Monday, September 19, 2011

Phenix City Battle was the Last Major Engagement of the Civil War

Marker on Summerville Road
One of the least known facts of the Civil War is that its last major battle was fought along the Chattahoochee River in Phenix City, Alabama, and the adjacent city of Columbus, Georgia.

The Battle of Columbus (also called the Battle of Girard) took place on April 16, 1865, an Easter Sunday. General Robert E. Lee had surrendered the Army of Northern Virginia at Appomatox Court House one week earlier and General Joseph E. Johnston would meet with General William Tecumseh Sherman in North Carolina the next day to discuss the surrender of Confederate forces in the Deep South.

It was in the last days of the war that Union Major General James H. Wilson pushed east from Montgomery, battling Confederate forces as he approached Auburn. By the mid-point of the month he was driving east from Auburn, moving fast with thousands of troops to seize the vital bridges over the Chattahoochee and destroy the vast wartime industrial complex in Columbus.

Site of 14th Street Bridge
These bridges linked Columbus with the smaller town of Girard (now Phenix City) on the Alabama side. To protect both the bridges and the major military manufacturing complex of Columbus, the Confederates had ringed Girard with a series of forts, batteries, breastworks and other defenses. These were placed atop encircling ridges and hilltops as the area immediately adjacent to the bridges was overlooked by these hills.  Additional defenses were built on the Columbus side of the river and cannon were positioned so as to command the bridges.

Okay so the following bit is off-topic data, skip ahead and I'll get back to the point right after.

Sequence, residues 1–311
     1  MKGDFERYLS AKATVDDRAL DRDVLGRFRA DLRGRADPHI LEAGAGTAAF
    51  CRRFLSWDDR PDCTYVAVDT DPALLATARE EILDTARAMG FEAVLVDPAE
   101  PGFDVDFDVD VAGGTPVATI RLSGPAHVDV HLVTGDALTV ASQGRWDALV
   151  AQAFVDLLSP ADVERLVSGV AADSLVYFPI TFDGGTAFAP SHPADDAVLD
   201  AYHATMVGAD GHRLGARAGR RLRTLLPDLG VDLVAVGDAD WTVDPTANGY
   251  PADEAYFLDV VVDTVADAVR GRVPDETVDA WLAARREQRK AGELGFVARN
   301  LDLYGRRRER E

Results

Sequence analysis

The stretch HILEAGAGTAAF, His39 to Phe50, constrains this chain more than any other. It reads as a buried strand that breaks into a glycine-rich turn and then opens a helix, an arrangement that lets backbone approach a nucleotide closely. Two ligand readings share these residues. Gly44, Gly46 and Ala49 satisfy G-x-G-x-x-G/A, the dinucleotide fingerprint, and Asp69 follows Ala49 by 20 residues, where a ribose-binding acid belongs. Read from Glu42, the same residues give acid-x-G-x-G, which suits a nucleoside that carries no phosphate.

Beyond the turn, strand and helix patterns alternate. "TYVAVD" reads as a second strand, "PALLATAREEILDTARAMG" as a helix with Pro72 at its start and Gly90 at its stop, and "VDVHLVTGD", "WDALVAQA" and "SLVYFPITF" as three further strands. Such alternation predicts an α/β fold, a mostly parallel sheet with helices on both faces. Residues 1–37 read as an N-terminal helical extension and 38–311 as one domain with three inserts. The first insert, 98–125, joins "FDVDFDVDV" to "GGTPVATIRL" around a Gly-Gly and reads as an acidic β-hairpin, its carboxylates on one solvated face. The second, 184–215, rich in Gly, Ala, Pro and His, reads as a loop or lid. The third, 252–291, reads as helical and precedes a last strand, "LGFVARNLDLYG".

The initial attack developed on the afternoon of April 16, 1865, when part of Wilson's command made a dash for the "lower" or Dillingham Street bridge. This force, carried out by part of Upton's Division, was repulsed.

Surviving Earthworks in Phenix City
The effort to quickly seize a crossing point and outflank the Confederates having failed, Wilson resolved on a night attack down Summerville road directly into the throat of the main Southern defenses and batteries. Recognizing that this was likely to be the point of greatest danger, Confederate General Howell Cobb moved the majority of his force into the trenches there and positioned guns to sweep the road from all directions.

Battery Site at Russell County Courthouse
The attack came at 9 p.m.  Pushing directly down the Summerville Road, Wilson's forces overran an advanced line of Confederate works. Thinking they had captured the main Southern line, they pushed immediately for the "upper" or 14th Street bridge. As they approached the main line, however, the Confederates opened on them from front, left and right. Recognizing their precarious situation, the Federals drove straight forward and slashed through the Confederate main line.

The battle now collapsed into a confusing night fight, but by 10 p.m. the upper bridge had been taken and Columbus had fallen. The impact on the Southern war effort was devastating. Not only were the factories destroyed, but the nearly complete ironclade C.S.S. Jackson was captured and the warship C.S.S. Chattahoochee was burned by its own crew to prevent its capture. No other battle between Union and Confederate forces would be fought on the scale of the action at Phenix City and Columbus.

To learn more about the Battle of Columbus (Girard), please visit

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